Further characterization of muscarinic agonist-induced epileptiform bursting activity in immature rat piriform cortex, in vitro
Whalley, B. J., Postlethwaite, M. and Constanti, A. (2005) Further characterization of muscarinic agonist-induced epileptiform bursting activity in immature rat piriform cortex, in vitro. Neuroscience, 134 (2). pp. 549-566. ISSN 0306-4522
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To link to this item DOI: 10.1016/j.neuroscience.2005.04.018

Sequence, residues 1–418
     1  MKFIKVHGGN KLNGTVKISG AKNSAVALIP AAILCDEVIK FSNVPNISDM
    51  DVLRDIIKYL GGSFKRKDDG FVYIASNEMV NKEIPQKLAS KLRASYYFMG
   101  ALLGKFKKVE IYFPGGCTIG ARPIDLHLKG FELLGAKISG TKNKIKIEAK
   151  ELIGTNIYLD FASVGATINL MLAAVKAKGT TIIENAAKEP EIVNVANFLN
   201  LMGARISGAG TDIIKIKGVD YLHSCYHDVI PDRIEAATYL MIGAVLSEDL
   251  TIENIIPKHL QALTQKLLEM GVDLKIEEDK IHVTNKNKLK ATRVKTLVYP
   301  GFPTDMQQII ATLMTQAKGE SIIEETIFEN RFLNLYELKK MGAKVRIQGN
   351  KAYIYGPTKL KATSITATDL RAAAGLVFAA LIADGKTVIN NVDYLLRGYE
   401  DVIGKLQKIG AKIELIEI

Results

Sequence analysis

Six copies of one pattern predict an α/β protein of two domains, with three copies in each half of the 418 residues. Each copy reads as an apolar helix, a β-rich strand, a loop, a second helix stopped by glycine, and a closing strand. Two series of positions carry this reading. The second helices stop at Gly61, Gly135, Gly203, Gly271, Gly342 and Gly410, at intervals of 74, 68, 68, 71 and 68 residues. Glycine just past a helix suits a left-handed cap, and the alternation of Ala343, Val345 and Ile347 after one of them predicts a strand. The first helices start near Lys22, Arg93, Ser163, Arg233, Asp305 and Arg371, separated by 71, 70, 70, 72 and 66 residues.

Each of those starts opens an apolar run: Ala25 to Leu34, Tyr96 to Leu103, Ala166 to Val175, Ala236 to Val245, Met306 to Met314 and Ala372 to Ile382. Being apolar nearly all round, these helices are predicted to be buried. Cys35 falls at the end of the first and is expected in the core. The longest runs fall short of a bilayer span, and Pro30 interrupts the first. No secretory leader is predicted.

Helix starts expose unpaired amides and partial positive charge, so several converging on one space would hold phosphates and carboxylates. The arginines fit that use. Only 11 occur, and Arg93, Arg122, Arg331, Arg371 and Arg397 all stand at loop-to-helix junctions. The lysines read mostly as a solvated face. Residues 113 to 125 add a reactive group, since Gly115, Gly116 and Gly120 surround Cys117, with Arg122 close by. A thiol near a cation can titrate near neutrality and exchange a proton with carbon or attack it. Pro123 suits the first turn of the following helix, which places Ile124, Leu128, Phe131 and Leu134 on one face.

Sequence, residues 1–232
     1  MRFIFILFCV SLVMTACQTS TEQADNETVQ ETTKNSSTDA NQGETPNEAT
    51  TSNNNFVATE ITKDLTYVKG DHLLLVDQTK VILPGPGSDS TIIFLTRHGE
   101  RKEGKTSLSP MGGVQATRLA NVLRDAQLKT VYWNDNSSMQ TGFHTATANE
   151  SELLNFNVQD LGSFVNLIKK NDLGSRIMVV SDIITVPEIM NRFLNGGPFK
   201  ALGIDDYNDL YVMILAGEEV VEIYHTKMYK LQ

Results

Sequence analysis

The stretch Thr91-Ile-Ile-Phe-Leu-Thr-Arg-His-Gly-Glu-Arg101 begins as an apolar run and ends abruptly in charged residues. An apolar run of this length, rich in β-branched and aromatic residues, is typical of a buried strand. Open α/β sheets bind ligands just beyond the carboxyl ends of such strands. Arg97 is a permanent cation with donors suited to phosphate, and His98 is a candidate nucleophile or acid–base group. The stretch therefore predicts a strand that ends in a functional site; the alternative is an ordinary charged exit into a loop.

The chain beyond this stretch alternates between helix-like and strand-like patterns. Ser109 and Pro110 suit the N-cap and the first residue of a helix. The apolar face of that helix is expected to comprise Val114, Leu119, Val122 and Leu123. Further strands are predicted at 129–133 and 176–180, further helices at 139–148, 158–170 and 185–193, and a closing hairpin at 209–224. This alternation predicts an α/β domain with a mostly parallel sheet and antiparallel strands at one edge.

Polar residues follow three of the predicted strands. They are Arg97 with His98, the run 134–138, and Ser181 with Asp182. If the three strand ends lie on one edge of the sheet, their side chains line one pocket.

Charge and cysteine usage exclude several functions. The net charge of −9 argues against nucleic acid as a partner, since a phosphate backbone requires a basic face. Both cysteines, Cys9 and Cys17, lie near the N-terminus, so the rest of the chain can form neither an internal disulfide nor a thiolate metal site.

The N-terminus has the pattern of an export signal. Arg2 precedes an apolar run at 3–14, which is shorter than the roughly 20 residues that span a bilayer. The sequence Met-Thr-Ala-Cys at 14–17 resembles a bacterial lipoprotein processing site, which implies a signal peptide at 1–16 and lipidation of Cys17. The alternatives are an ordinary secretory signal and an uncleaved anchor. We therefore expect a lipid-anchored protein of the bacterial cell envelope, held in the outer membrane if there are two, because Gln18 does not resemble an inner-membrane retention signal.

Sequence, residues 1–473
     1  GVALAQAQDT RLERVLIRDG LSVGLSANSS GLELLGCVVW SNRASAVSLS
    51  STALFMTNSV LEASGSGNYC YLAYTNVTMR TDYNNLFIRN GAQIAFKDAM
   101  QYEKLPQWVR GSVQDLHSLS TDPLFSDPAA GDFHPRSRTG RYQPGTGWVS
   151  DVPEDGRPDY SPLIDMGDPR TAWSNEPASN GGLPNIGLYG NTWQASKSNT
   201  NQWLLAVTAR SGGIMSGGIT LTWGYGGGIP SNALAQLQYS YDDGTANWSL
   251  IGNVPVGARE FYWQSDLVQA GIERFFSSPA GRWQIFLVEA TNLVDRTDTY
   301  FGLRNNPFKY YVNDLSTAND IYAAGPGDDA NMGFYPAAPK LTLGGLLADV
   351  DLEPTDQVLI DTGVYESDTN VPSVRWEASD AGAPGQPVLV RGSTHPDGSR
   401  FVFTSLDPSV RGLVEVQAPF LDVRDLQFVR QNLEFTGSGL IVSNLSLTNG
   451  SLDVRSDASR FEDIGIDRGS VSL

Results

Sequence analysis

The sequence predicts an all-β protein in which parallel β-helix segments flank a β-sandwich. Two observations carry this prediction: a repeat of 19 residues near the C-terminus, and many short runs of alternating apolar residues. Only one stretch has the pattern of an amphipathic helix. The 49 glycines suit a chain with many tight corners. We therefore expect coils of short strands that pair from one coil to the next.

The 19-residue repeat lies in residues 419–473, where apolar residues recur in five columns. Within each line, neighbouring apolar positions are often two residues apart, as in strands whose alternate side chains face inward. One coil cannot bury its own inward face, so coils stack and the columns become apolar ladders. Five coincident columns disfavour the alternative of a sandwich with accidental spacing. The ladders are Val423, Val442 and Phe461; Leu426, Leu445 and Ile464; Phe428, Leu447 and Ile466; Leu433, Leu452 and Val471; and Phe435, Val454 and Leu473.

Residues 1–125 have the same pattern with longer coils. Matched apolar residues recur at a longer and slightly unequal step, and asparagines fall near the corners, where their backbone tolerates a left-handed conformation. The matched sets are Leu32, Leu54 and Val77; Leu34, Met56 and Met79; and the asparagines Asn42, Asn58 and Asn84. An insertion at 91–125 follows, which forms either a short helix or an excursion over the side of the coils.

The characteristics of muscarinic acetylcholine receptor agonist-induced epileptiform bursting seen in immature rat piriform cortex slices in vitro were further investigated using intracellular recording, with particular focus on its postnatal age-dependence (P+14-P+30), pharmacology, site(s) of origin and the likely contribution of the muscarinic acetylcholine receptor agonist-induced post-stimulus slow afterdepolarization and gap junction functionality toward its generation. The muscarinic agonist, oxotremorine-M (10 microM), induced rhythmic bursting only in immature piriform cortex slices; however, paroxysmal depolarizing shift amplitude, burst duration and burst incidence were inversely related to postnatal age. No significant age-dependent changes in neuronal membrane properties or postsynaptic muscarinic responsiveness accounted for this decline. Burst incidence was higher when recorded in anterior and posterior regions of the immature piriform cortex. In adult and immature neurones, oxotremorine-M effects were abolished by M1-, but not M2-muscarinic acetylcholine receptor-selective antagonists. Rostrocaudal lesions, between piriform cortex layers I and II, or layer III and endopiriform nucleus in adult or immature slices did not influence oxotremorine-M effects; however, the slow afterdepolarization in adult (but not immature) lesioned slices was abolished. Gap junction blockers (carbenoxolone or octanol) disrupted muscarinic bursting and diminished the slow afterdepolarization in immature slices, suggesting that gap junction connectivity was important for bursting. Our data show that neural networks within layers II-III function as primary oscillatory circuits for burst initiation in immature rat piriform cortex during persistent muscarinic receptor activation. Furthermore, we propose that muscarinic slow afterdepolarization induction and gap junction communication could contribute towards the increased epileptiform susceptibility of this brain area.